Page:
When we can, we like to attend rallies with the New Zealand Motor Caravan Association, (NZMCA) which are much larger gatherings than our usual caravan club rallies. Another caravan arrived at the camp site the same time as us. But where was everyone? Were we in the correct area? This must be right, we decided, it’s where the NZMCA group always comes. So we unhooked the tow vehicles, wound down the caravan legs, put the kettle on, and invited our new neighbours in for a cuppa and a chat while we waited. As we looked out over the deserted camping area, the birdlife kept us entertained. Several groups of ducks waddled past, quacking quietly to themselves as they looked for titbits to eat before heading off to the river. And a pair of pukekos kept us amused as they leapt up in the air and fluttered around each other, then ran wildly away; making us wonder if a mating ritual was taking place. One by one, the campervans and caravans started rolling in, big ones and small ones, older campers and bright shiny new rigs. A total of 48 vans arrived for the weekend fun. We watched as one small bus changed position several times. First he went here, then over there, then changed his mind once again, before finally settling on a space. It turned out that he was waiting for his daughter Suzanne to arrive, and wanted to make sure there was room for both of them to park together. Suzanne was towing the cutest little caravan I had ever seen, called a “Little Gem”.
Her Dad made the awning for her, and the caravan has a cosy sleeping compartment. The back lifts up to reveal the kitchen facilities. It is a real little home away from home and her new acquisition from Trade Me suits Suzanne’s camping needs perfectly.
Although quite noticeably chilly overnight, the days were lovely once the air warmed up. I joined a group for a walk on Saturday morning and was doing fine until the leader started striding purposely up the hill track. As I stopped to get my breath back I met up with a group of walkers from a cruise ship, who were getting a taste of the Regional Park. Some scenes of the “Lord of the Rings” trilogy were filmed in this area, and I heard the leader telling his group all about it.
There was plenty going on to keep us entertained. We chatted to friends outside in the sunshine as we watched teams competing in games of pentanque, horseshoe tossing, gumboot throwing and quoits. There were the usual morning teas, raffles and Happy Hours. Peter and Lexie cooked up the lunch time Sausage Sizzle which was calling Robin’s name, so that was his lunch sorted.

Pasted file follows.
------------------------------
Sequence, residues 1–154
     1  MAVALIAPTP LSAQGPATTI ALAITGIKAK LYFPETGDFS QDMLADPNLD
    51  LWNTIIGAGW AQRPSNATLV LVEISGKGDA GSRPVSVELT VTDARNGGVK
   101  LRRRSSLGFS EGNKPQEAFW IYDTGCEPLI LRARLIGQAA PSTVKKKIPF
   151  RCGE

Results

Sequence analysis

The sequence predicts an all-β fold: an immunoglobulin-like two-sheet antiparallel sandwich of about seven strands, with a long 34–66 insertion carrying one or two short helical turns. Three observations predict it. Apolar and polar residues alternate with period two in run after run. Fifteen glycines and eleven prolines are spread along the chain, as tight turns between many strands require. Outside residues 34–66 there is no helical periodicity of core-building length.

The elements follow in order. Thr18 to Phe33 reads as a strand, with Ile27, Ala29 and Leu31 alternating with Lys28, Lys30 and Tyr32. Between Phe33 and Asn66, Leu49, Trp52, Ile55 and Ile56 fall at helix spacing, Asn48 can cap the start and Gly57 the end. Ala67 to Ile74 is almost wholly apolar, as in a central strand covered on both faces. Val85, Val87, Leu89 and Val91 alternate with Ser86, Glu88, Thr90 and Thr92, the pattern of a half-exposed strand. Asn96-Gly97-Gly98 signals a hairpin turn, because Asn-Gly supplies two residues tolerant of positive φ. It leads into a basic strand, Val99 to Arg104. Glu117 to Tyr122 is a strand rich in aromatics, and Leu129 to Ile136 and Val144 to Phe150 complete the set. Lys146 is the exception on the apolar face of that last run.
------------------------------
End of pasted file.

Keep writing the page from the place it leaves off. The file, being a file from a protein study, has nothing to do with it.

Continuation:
On Saturday night we were wrapped up warmly as we watched the movie “Keeping Mum” under the open sided pavilion. Gary kept us entertained when he brought out his UFO in the early evening and put it through it’s paces. It buzzed about in the darkening sky flying this way and that, and hovering quite effortlessly.
Called a Parrot A R Drone, this European electronic device is controlled by an I-Pad. It has two cameras and a video and works by way of a Wi-Fi connection. “Wave at it”, I was instructed, and sure enough, there was me on the screen. The battery only lasts for 10 minutes of flying, and an icon appears on the screen when the battery is getting low. A group of youngsters came rushing over to have a look, and were thrilled by what they saw. “Wow, imagine getting one of those for Christmas”, one of the boys exclaimed.
Our Birman Muffy wasn’t the only cat away for the weekend at Kaitoke. We met up with Muffin, a beautiful Himalayan Colour point, who was on her first weekend away. Although well used to popping in and out of the motor home while it is parked at home, it is quite a different story to actually travel in it, her Mum Amanda told us, and Muffin was feeling just a little bit stressed.
Muffin’s parents Paul and Amanda own a marvellous 5th Wheeler “Changing Places”, and plan to live in it full time very shortly. So of course they want their Muffin to settle down and travel happily with them. With slide outs giving them plenty of living space, and room for their bikes in the locker on the back of the tow truck, they are well on the way to enjoy their travels.
We were not in any hurry to head back early on Sunday, after all we were only 14km up the road from home. As a group of us ate our lunch in the sunny conditions we heard an almighty “bang”. What on earth had happened? A gust of wind had torn an awning out of Gary’s hands as he was in the process of stowing it away and flung it off the fittings and onto the roof. Several of the men rushed to help, and Robin hurried over with his ladder as the owner and his friends tried to untangle the mess. The awning was a write off. What a shame for such a thing to spoil a weekend away. Guess that is why we all have insurance.